Amos White is an American haiku poet and author of The Sound of the Web: Haiku and Poetry on Facebook and Twitter, recognized for his vivid imagery and breathless interpretations. He was a Finalist in the NPR National Cherry Blossom Haiku Contest 2013 and has works published in The Wittenberg Review, Oakland Review, Bones Journal, San Francisco BayView, Area 17, World Haiku Association Anthology. Amos serves on several literary and arts nonprofit boards, is Founder and Host of the Heart of the Muse: a creative’s salon, and Founder and Producer of Beyond Words: Jazz+Poetry show at the California Jazz Conservatory in Berkeley.
What’s your biggest struggle—work or otherwise?
If someone said I want to do what you do, what advice would you have for them?
I’d say, “Do it! Go for it! But keep your day job.” Success comes from chasing one’s passion as it becomes the real life dream you dreamed. There is nothing that fuels you more. Though it must be balanced with serious doses of practicalities to assure that your basic needs are being met while you are building your career.
Do you consider yourself successful? Why?
I measure success by the number of ToDo items that lay elided at the end of the week.
Do you have a favorite ancestor? What is his/her story?
My father was a jazz man long before he mastered education as a Cap Crusader then got called Doctor and a Buckeye. It wasn’t the hands or the barbed kisses or the rumbling lullabies from our Shaker Heights post-war flat to the eponymous White House down Ridgeway Ave.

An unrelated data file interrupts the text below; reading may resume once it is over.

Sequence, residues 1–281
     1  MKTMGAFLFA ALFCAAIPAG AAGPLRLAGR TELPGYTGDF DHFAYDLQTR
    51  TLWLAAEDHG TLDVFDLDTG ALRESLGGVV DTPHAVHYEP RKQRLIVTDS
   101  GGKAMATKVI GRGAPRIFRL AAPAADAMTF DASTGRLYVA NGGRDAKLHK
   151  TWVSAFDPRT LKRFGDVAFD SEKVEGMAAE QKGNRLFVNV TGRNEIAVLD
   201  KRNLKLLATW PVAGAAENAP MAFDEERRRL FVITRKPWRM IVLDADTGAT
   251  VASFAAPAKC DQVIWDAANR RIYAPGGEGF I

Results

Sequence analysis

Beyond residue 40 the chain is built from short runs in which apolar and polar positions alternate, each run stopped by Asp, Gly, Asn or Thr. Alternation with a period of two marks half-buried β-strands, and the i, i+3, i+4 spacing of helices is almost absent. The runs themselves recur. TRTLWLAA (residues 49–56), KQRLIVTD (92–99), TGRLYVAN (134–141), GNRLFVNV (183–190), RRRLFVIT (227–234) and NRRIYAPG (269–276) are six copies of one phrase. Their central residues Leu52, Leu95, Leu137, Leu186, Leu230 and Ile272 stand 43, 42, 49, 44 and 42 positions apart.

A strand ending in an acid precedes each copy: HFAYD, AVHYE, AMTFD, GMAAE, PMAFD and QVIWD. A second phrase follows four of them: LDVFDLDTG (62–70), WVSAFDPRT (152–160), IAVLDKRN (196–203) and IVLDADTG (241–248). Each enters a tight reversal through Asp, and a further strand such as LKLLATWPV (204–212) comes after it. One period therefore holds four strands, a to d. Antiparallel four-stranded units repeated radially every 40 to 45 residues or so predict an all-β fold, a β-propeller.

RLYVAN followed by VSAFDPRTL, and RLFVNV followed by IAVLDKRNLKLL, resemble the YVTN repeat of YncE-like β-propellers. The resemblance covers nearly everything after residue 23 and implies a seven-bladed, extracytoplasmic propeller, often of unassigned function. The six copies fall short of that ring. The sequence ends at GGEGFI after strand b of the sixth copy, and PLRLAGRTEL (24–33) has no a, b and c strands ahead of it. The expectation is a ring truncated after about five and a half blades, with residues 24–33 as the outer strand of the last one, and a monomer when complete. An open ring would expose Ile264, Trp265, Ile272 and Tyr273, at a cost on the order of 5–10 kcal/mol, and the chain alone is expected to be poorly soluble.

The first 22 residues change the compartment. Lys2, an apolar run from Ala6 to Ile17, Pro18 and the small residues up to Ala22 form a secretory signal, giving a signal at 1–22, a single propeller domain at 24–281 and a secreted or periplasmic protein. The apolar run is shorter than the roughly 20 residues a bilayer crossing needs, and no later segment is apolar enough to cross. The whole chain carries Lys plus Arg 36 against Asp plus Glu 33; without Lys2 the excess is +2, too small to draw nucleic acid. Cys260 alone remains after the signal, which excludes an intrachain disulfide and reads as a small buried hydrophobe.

His trumpet sound came early, Saturday mornings when the winter hymns in house registers fell silent. Then they would lift—and spit and rise! from the place where spider webs and moulded coal dust lay piled against damp cinder blocks somewhere beneath the kitchen.
It’s the way you’d walk, you see, or when you’d hear HEY! HEY! roundin’ third & a cloud of dust waiting at home. Or the sharp trill of the whippoorwill when you’d be lost somewhere under the aisles at Shottenstein’s. And although he died last year of old age, I can not divorce myself from the silver spoon of Horace left in my mouth. This song of poetry whenever I think of this adventure we’ve embarked upon—this song for my father.
Who did you admire when you were 10 years old? What did you want to be?
I was enamored with Jesse Owens at 10 years of age. I had run underneath his tutelage only three years earlier in the Great Horseshoe Stadium of Ohio State University—later, whose track would be named in his honor. His sense to pursue greatness in achievement in the face of his and the world’s nemesis, Hitler, bore a hole in my runner’s soul. I was 7 in the Spring of 1972 when my father packed me and my two classmates into the woodsey, green paneled Country Squire station wagon. Soon there was a nice man who shook my dad’s arm like he was pumping air, who said we were training for a race. Each boy to one lane he said. His voice light and ribbon smooth and his eyes held you in your tracks and made you want to smile all at the same time. As he lined each of us in our “stance” he pointed down the track where my dad stood when the gun shot! People were screaming, heads turning and the sound of my heart pounded my ears. Crossing the white line I turned around to see where everyone else was when dad and the man ran up, he gently squatted down, one hand on my shoulder, the other pointing back to the vacant end zone when he said, “Thru this line is where you are going, son. Never stop. And never look back.”